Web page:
Dickson said agency investigations have shown the impact of alcohol on passenger behavior.
FAA regulations prohibit consuming alcohol onboard that is not provided by the airline. Some airlines aren’t serving alcohol during the coronavirus pandemic, prompting passengers to carry their own.
“We have received reports that some airport concessionaires have offered alcohol ‘to-go,’ and passengers believe they can carry that alcohol onto their flights or they become inebriated during the boarding process,” Dickson wrote. “The FAA requests that airports work with their concessionaires to help avoid this.”
Every week, Dickson said, law enforcement officers are called to meet problem passengers at airport gates. Even after assaults are reported, “many of these passengers were interviewed by local police and released without criminal charges of any kind,” Dickson wrote. “When this occurs, we miss a key opportunity to hold unruly passengers accountable for their unacceptable and dangerous behavior.”
The FAA letter, dated Tuesday, comes as flight attendants continue to push for more federal help. Last month, the Association of Flight Attendants-CWA released a survey of nearly 5,000 flight attendants describing the depth of problems they face on the job.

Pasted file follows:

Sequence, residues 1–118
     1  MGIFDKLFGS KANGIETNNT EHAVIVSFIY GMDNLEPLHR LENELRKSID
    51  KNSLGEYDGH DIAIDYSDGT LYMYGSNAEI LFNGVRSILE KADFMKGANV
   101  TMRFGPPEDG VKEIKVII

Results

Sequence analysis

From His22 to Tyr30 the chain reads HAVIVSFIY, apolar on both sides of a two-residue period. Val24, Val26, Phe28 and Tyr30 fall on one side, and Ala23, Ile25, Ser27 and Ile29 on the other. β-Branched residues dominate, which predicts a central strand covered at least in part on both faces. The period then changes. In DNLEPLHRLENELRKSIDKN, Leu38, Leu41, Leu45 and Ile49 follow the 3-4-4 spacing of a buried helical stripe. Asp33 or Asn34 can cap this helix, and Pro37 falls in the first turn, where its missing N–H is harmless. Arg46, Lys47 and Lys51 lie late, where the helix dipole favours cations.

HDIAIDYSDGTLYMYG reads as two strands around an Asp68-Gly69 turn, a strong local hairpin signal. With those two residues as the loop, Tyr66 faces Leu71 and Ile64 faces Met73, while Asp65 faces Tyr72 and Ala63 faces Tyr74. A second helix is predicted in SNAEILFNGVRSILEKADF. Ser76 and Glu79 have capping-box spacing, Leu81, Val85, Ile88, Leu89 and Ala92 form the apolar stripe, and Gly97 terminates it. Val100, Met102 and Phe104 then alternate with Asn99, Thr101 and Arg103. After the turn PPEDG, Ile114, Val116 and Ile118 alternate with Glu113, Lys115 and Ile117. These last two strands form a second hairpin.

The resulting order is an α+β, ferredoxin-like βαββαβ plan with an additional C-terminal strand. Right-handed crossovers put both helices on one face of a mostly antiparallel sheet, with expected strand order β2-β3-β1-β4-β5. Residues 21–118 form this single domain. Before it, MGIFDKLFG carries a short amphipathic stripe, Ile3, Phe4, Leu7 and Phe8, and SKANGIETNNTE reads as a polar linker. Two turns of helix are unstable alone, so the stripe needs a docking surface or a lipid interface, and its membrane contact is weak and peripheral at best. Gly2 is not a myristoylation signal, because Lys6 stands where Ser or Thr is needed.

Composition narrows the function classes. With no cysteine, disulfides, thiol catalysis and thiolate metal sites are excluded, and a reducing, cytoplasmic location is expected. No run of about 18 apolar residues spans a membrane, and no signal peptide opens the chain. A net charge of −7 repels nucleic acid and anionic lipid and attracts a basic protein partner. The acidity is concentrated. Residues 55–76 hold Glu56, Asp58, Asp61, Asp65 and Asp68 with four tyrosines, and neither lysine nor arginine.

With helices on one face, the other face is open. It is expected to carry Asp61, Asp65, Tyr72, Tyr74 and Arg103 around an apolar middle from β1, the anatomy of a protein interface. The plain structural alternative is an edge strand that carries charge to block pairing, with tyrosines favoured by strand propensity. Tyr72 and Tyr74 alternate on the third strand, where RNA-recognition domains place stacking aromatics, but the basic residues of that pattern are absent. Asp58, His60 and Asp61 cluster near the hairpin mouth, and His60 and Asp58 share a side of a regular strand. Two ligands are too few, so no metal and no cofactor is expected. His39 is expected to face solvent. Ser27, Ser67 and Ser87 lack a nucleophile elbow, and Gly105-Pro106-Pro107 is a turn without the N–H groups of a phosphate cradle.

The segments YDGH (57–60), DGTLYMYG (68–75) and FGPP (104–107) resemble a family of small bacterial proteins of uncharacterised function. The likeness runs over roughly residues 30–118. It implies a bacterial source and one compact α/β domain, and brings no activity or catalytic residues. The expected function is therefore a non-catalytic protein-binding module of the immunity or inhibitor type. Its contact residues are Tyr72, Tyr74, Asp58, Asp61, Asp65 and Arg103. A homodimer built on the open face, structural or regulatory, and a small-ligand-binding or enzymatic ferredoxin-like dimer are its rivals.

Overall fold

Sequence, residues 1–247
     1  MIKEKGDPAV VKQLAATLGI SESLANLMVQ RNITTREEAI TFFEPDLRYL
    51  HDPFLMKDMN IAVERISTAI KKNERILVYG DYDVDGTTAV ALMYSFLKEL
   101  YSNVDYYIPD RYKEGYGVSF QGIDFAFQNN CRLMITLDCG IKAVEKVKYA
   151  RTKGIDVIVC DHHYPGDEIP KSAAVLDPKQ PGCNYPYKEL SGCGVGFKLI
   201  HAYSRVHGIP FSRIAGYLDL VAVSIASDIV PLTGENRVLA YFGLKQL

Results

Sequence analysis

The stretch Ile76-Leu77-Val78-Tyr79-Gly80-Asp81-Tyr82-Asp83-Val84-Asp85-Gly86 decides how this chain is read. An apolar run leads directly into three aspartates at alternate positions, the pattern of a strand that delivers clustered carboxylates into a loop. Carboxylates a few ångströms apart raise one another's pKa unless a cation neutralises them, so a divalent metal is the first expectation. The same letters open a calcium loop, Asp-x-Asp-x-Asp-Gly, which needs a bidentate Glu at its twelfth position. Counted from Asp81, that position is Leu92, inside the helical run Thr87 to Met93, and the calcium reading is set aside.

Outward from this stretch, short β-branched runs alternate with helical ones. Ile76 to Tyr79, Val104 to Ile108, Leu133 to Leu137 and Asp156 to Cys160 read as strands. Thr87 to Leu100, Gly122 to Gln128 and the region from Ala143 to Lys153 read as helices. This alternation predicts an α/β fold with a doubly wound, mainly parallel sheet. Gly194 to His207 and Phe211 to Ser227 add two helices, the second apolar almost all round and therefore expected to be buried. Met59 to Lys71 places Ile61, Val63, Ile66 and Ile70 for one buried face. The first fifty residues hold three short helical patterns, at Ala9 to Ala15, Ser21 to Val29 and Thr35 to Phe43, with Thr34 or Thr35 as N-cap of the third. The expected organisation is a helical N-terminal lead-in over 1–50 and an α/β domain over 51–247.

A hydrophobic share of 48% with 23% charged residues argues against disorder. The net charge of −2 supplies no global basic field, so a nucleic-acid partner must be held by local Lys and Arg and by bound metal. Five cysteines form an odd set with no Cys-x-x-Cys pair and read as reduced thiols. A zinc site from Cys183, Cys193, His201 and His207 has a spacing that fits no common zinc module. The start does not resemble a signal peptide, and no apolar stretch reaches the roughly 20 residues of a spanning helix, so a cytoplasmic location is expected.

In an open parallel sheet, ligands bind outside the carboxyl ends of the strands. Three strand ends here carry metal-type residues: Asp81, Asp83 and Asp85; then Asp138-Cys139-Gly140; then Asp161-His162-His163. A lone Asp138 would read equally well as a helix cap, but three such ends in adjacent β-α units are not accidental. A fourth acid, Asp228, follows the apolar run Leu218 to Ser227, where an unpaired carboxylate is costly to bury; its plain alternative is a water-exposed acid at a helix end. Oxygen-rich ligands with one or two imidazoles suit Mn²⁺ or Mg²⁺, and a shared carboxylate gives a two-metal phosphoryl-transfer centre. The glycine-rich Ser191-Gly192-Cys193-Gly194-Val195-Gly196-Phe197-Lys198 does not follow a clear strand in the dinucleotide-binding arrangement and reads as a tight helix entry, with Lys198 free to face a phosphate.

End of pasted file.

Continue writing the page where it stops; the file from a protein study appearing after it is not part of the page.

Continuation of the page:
Nearly 1 in 5 flight attendants reported experiencing a “physical incident” with an unruly passenger this year, according to the online survey. That could include a push, slap or any other body-on-body interaction, according to the union.
Federal court records show the interactions range from flicking away a flight attendant’s tap on a shoulder to punches in the face. The union called the finding that 17 percent of its members faced physical incidents “shocking.”
The agency in January instituted a “zero-tolerance” policy toward passengers interfering with crew members, which already is against federal law.
The flight attendants union said the policy has proved insufficient to address the scale of the problem, but called for it to be made permanent as part of further efforts to stem disruptive behavior. Union President Sara Nelson said her organization would provide the survey’s findings to the FAA, the Department of Transportation, the FBI and the Transportation Security Administration “to help more fully identify the problems.”
“This is not a ‘new normal’ we are willing to accept,” Nelson said. “The vitriol, verbal and physical abuse from a small group of passengers is completely out of control.”
In a statement, the FAA said the agency “shares the concerns of the Association of Flight Attendants, and we’re deeply troubled any time a cabin-crew member faces threats while performing their critical, safety duties.” The statement pointed to the agency’s zero-tolerance policy, which it noted has been welcomed by flight attendants.
Under FAA policy toward passengers interfering with crew members, agency safety inspectors are required to fill out investigative reports that could lead to sanctions such as fines. Previously, the FAA might have relied on warning letters or counseling to deal with problem passengers.
“We are taking the strongest possible action within our legal authority,” the agency said.